“Sometimes the camera is something you could hide behind in dealing with difficult situations and through the camera you can express yourself and how you feel. Difficulties strengthen the mind just as labor does the body.” ~Elizabeth "Tex" Williams
Your head shot portrait is often the first thing people see, and the last thing they remember, so make it a great first impression.
Shante has been a blast to work with as we work through this project, but recently while reviewing the images from a session, one image jumped right out at me.
Create your own visual style... let it be unique for yourself and yet identifiable for others. ~Orson Welles
Autumn 2010, a few months before her wedding, one of my brides, Ebony, decided to take part in a formal bridal dress session. I've always loved seeing large, fine art prints of brides. There was just something majestic and regal about it.
This was my first time working with the amazingly talented, Timothy Cabell, of Savannah, GA. Timothy is an award winning and internationally competitive Hair and Makeup Artist. The session took place at the SCAD stables, located just outside of Savannah on the South Carolina side of the border. My wonderful lighting assistant was Hair stylist and educator, Shameka LeCounte, of Jacksonville Florida. Dress and accessories provided by David's Bridal Savannah.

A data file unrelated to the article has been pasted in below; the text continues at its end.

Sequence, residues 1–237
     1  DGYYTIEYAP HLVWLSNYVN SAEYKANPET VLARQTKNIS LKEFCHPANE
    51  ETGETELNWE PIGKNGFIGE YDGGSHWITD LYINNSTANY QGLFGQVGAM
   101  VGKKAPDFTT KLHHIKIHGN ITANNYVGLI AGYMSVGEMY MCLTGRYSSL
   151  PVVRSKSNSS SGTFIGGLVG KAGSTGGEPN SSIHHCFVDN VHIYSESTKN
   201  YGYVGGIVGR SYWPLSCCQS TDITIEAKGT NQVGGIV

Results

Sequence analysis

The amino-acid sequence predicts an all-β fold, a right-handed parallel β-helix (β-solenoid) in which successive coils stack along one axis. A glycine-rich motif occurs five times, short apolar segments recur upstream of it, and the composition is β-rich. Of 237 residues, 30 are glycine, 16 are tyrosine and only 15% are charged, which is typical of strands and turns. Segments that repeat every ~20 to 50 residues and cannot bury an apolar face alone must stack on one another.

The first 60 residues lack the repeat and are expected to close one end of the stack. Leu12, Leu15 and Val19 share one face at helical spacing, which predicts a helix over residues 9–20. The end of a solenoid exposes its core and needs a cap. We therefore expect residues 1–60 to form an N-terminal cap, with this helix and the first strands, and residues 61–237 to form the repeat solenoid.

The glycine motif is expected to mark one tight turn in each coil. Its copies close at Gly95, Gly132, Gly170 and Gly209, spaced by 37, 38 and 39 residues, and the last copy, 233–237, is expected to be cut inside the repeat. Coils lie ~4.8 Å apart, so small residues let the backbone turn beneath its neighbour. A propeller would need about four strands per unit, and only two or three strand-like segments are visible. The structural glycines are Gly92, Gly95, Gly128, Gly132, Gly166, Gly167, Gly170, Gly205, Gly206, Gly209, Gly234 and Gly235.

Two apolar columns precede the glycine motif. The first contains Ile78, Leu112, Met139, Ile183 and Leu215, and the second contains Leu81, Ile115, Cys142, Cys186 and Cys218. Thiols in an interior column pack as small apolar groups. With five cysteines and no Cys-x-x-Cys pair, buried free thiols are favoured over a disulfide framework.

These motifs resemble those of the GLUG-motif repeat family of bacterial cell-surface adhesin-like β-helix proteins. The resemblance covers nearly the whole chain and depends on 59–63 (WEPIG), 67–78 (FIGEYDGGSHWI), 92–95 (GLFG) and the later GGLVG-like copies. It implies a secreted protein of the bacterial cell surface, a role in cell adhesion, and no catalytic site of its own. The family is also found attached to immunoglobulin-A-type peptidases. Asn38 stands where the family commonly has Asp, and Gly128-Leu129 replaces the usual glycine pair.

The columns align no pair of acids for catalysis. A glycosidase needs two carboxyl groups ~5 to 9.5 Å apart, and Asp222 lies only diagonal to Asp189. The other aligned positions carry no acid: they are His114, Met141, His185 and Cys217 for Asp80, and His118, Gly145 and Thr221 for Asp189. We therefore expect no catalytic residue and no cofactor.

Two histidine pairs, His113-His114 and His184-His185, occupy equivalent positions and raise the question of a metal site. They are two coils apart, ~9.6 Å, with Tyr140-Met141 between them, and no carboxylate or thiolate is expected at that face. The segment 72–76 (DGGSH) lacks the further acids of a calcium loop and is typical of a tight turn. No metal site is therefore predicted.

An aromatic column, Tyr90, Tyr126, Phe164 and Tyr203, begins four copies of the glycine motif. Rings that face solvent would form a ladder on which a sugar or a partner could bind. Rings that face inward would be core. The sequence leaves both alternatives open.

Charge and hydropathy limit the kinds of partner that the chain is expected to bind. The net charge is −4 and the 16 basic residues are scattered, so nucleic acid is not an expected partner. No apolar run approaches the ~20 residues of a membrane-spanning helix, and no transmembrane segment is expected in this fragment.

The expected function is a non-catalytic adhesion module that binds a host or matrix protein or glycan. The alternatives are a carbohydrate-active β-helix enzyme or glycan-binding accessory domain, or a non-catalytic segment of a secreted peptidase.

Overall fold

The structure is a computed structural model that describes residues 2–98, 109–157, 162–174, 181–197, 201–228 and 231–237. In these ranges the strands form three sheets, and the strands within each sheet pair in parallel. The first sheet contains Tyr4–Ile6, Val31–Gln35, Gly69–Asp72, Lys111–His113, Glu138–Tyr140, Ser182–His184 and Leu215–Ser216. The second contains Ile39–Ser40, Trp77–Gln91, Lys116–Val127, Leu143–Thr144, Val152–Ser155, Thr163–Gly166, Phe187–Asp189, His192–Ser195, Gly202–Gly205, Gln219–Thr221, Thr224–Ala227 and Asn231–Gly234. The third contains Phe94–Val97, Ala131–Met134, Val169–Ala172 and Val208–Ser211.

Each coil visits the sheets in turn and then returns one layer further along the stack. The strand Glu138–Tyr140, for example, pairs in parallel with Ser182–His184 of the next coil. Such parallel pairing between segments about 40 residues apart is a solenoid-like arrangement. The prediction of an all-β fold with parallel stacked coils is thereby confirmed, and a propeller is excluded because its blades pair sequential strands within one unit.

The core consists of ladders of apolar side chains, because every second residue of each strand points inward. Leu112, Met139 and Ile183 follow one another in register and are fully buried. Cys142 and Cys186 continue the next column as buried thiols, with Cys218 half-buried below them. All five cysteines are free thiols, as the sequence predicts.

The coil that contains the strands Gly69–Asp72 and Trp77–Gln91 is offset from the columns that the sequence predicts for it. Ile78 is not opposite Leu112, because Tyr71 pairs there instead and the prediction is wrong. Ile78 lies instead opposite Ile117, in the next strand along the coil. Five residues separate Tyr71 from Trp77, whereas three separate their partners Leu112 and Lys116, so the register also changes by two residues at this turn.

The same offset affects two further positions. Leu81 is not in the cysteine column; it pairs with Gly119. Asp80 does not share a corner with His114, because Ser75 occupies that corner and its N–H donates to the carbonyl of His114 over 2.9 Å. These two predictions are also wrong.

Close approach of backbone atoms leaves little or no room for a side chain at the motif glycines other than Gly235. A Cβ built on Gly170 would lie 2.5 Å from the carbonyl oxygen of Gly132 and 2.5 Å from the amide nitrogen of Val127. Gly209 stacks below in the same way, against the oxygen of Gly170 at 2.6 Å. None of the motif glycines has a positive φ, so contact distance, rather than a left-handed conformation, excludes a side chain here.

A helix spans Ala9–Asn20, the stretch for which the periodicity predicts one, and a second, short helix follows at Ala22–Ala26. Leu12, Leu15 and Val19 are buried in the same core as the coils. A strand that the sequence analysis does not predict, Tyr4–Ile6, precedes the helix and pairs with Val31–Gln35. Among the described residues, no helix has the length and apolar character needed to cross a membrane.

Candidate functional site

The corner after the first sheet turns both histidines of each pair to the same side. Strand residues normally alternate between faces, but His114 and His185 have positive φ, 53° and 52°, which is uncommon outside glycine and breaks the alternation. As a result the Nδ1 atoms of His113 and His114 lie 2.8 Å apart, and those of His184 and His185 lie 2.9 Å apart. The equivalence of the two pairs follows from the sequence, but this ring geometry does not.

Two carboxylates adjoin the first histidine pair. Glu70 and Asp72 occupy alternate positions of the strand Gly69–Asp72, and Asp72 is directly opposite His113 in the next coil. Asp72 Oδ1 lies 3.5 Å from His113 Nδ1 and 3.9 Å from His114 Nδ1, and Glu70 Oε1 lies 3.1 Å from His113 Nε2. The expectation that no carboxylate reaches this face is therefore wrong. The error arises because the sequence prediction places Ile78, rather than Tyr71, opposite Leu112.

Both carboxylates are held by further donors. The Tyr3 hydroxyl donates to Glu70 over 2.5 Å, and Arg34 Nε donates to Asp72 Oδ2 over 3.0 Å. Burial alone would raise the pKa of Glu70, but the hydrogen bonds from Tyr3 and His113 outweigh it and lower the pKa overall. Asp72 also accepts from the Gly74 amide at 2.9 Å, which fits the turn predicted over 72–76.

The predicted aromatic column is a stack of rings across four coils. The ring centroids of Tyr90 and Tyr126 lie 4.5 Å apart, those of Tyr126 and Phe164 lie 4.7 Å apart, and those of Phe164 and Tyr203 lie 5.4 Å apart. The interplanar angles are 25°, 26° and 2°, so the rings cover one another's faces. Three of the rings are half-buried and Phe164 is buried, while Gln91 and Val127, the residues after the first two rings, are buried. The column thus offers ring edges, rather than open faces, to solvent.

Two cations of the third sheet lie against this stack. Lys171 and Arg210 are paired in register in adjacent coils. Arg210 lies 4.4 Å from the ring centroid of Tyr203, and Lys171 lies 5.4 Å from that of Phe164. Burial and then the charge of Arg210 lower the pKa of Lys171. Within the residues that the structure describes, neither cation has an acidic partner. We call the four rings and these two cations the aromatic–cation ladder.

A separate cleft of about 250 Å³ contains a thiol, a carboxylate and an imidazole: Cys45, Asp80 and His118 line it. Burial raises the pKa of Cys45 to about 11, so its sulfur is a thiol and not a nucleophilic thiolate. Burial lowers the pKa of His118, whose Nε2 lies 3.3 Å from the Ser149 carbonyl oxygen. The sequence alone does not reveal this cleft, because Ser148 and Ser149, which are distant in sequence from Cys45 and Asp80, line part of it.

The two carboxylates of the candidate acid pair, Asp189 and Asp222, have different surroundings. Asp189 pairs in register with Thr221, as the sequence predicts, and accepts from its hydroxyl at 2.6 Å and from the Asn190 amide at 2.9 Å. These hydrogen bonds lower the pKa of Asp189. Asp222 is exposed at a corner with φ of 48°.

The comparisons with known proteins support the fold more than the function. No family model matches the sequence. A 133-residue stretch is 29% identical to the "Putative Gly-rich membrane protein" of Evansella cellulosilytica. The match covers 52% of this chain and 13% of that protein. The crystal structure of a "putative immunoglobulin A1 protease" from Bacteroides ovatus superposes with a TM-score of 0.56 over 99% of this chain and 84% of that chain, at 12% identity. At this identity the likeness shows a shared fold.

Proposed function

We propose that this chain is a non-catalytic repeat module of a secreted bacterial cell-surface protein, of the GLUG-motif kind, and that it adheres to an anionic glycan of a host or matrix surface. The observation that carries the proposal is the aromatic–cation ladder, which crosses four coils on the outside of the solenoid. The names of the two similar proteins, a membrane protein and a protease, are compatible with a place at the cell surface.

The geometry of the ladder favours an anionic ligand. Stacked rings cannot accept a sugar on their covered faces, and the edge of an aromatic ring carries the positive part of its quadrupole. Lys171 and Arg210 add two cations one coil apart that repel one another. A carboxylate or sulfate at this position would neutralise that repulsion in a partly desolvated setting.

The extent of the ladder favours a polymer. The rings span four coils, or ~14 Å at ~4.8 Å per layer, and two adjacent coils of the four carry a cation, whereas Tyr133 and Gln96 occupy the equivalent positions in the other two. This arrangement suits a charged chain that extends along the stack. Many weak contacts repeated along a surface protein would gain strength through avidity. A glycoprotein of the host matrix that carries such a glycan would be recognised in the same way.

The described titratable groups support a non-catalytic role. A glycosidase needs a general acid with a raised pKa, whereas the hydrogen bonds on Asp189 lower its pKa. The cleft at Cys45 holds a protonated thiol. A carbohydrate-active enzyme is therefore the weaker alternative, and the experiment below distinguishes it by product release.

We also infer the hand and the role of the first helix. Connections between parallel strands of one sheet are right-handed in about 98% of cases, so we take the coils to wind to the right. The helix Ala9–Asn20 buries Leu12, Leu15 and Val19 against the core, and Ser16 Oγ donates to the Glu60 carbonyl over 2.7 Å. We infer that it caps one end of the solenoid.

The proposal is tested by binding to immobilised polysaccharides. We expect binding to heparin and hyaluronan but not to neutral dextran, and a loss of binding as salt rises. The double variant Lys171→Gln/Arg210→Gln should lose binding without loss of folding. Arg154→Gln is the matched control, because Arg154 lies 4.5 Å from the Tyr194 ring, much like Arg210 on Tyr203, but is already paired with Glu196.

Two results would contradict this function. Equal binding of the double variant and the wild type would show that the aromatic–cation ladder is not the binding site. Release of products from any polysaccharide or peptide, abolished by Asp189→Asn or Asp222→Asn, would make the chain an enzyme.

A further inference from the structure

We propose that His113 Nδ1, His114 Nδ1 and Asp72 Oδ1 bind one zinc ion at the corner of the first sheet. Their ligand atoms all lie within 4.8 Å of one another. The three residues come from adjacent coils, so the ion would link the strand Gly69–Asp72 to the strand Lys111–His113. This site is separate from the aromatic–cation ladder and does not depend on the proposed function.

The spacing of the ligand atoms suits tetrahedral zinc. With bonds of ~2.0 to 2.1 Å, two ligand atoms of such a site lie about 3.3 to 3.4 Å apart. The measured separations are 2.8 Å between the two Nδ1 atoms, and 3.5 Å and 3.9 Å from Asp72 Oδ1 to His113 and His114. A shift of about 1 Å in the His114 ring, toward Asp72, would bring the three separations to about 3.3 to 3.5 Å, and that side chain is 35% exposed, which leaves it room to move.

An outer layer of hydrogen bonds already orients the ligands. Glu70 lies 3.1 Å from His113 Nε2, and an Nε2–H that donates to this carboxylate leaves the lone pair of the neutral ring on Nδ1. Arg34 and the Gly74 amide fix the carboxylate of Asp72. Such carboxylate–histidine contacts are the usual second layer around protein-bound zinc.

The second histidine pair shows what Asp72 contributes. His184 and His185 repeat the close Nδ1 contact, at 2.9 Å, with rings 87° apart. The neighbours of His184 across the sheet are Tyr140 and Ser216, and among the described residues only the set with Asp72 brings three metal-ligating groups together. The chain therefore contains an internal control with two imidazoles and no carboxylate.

Back around 2014 I had the pleasure of meeting Menakshi while visiting Dubai. A lovely British model, Menakshi was just absolutely amazing to work with.
I had sent here a vision board for doing a boudoir themed photo session with the details that I wanted to emphasize at the time. Items from metallic flash tattoos, to a loose-end fishtail braid. I wanted to emphasize not only the beauty of the subject, but also how the subject embraced the light.
Like with most of my boudoir shoots, I've never posted them online, because they are intended to be printed in an album or an image display box, but I am sharing with you on this throwback Thursday.
Tips for your boudoir sessions:
- RELAX. Don't force the session. This is a vulnerable time for some, but really should be fun. Boudoir and fine art should not be about the sexuality of the subject,but the ESSENCE of the subject. That "hidden room" of their personality that very few are able to see, masked by the physical facade.
- Conceptualize and plan. One of the things that makes awkward situations more comfortable, is a sense of familiarity. Knowing the intended looks, direction, themes, props, accessories and other things will make the time not only fly by, but make it more fun for the subject.
- The light is in control. Whether artificial or natural light, the light should set the mood. Use as much, or as little as needed to set a mood. Find ways to shape it, bounce it, color it, and let the light do most of the work for you.
- BONUS: Remember, the photographer and subject are teammates working with the light.
Also, don't be afraid to experiment. While I was loving the braid, by the end of the session, I wanted to try a "messy" look with her hair, and I think it worked. What do you think? Please leave your comments below!